Electromyography was used to compare characteristics of an inhibitory jaw reflex in 10 temporomandibular disorder patients and 10 age- and sex-matched healthy controls. The methodology was novel in that the reflex was that evoked in the active masseter muscle, by electrical stimulation of perioral skin. This response has advantages over those previously studied as it avoids problems associated with stimulating in the moist intra-oral environment and it is monophasic, thus permitting easy quantification. The results have shown that (i) with the stimulation parameters employed, the reflex was present in all 10 control subjects, but in only eight of 10 temporomandibular disorder patients. (ii) When stimulation intensities were expressed as multiples of sensory threshold, there was no significant difference in the minimum level of stimulation required to evoke the reflex between the groups, although there was a trend for the patients with temporomandibular disorders to require higher intensities. (iii) Comparison of data from subjects giving responses at the same stimulus intensity (6 × sensory threshold: seven temporomandibular disorder patients, eight controls), showed no significant differences in the latencies or magnitudes of the reflex between the groups. However, the overall duration of the reflex was significantly shorter for the patients with temporomandibular disorders, with the reflex finishing significantly earlier. Thus even within the limitations of this study, it appears that an inhibitory jaw reflex evoked from stimulation around the mouth, may be weaker in temporomandibular disorder patients. This conclusion is consistent with previous studies on more complex jaw reflexes evoked by intra-oral stimuli.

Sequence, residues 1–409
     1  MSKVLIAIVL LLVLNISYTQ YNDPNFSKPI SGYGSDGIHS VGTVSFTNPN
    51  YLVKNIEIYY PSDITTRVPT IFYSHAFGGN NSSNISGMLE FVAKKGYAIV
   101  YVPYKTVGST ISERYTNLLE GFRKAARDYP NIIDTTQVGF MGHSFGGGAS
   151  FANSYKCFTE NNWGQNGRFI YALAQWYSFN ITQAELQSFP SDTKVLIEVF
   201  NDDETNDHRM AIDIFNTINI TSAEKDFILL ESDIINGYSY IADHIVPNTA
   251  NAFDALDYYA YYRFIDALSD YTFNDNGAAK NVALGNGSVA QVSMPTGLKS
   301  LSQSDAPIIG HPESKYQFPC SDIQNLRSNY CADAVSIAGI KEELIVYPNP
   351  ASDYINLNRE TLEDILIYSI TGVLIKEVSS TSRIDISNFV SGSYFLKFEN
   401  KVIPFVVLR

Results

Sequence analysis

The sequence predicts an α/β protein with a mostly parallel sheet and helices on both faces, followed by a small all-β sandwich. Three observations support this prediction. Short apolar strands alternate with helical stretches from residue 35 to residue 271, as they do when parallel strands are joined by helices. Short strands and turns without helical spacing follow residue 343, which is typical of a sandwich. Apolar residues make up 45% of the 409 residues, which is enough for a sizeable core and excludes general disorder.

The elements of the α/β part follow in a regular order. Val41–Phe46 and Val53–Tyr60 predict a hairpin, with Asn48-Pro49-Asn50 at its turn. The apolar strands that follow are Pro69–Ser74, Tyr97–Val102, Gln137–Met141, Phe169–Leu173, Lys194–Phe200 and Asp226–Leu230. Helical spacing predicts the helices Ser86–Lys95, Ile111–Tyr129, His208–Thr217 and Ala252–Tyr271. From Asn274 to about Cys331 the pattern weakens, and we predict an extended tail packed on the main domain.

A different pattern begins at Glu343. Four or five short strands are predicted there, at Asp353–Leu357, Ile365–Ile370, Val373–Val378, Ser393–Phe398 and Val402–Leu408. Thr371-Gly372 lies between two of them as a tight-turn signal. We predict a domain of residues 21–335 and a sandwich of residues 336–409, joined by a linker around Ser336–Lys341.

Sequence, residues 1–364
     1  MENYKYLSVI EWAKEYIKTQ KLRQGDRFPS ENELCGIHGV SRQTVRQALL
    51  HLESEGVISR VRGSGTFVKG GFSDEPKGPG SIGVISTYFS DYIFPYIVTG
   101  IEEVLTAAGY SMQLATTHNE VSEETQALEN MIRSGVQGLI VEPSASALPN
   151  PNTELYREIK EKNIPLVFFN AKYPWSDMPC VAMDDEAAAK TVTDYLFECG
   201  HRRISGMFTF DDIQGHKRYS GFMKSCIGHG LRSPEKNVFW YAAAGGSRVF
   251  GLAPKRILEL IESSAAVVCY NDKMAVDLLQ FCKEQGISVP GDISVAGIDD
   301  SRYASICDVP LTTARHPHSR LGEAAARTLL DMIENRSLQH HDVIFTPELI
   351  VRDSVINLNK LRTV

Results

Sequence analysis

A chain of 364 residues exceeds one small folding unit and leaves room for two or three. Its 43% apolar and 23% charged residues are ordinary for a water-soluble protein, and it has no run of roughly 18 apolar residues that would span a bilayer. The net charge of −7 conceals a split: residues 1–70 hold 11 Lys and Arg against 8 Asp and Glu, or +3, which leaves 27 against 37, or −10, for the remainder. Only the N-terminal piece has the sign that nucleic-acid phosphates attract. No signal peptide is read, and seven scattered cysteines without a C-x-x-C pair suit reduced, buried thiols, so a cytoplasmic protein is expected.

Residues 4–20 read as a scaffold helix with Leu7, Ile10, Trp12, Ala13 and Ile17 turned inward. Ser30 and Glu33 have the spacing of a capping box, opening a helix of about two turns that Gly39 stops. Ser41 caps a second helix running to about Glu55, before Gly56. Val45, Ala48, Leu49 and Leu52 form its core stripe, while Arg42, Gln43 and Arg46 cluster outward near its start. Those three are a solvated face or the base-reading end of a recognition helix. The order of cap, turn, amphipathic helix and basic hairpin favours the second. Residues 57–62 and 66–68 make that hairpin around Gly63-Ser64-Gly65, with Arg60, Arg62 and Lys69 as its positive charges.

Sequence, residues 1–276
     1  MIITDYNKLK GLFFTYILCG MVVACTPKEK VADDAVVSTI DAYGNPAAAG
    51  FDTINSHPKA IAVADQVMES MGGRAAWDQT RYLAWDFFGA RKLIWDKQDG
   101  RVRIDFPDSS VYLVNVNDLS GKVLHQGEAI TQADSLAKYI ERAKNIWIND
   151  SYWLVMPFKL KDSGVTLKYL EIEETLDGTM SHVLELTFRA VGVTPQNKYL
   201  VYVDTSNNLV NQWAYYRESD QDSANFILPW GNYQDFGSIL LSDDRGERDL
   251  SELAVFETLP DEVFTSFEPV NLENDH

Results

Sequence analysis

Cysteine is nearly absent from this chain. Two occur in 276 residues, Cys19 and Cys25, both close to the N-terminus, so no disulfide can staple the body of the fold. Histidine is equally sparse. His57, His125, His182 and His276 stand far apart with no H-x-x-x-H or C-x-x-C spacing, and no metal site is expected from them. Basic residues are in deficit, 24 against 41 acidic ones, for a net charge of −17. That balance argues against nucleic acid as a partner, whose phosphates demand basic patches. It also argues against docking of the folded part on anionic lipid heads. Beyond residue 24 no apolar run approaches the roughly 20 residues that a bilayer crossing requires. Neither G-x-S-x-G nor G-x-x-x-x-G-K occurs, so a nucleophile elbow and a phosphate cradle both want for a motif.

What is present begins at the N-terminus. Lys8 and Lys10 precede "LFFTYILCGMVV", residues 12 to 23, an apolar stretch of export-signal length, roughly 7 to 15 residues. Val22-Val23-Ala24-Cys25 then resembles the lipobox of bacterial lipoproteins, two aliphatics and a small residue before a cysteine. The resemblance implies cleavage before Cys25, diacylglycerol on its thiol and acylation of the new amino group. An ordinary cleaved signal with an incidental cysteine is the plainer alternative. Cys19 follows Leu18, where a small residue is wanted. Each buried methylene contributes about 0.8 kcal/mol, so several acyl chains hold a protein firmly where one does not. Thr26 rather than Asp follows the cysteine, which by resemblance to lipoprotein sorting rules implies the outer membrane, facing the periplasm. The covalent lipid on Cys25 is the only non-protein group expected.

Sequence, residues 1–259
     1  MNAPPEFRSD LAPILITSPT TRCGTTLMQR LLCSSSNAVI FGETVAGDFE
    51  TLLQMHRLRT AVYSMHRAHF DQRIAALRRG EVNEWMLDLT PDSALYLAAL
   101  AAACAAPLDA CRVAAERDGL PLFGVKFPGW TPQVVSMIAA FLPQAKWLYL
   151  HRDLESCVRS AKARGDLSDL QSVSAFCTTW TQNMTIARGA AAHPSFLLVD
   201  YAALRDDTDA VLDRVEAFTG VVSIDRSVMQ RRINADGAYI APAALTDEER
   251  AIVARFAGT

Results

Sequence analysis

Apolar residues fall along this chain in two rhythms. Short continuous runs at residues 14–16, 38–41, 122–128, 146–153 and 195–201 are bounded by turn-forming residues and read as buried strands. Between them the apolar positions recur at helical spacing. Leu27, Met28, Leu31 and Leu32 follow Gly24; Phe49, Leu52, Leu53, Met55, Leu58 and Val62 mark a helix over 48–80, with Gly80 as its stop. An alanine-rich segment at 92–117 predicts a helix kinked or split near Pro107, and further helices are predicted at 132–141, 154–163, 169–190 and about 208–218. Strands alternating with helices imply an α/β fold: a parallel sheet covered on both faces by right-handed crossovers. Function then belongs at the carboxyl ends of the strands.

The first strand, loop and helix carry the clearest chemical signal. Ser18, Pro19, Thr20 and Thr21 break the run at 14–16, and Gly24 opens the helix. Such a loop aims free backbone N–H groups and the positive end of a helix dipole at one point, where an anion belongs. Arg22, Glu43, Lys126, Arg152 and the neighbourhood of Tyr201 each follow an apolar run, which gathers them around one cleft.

- Jaw reflexes
- Temporomandibular disorders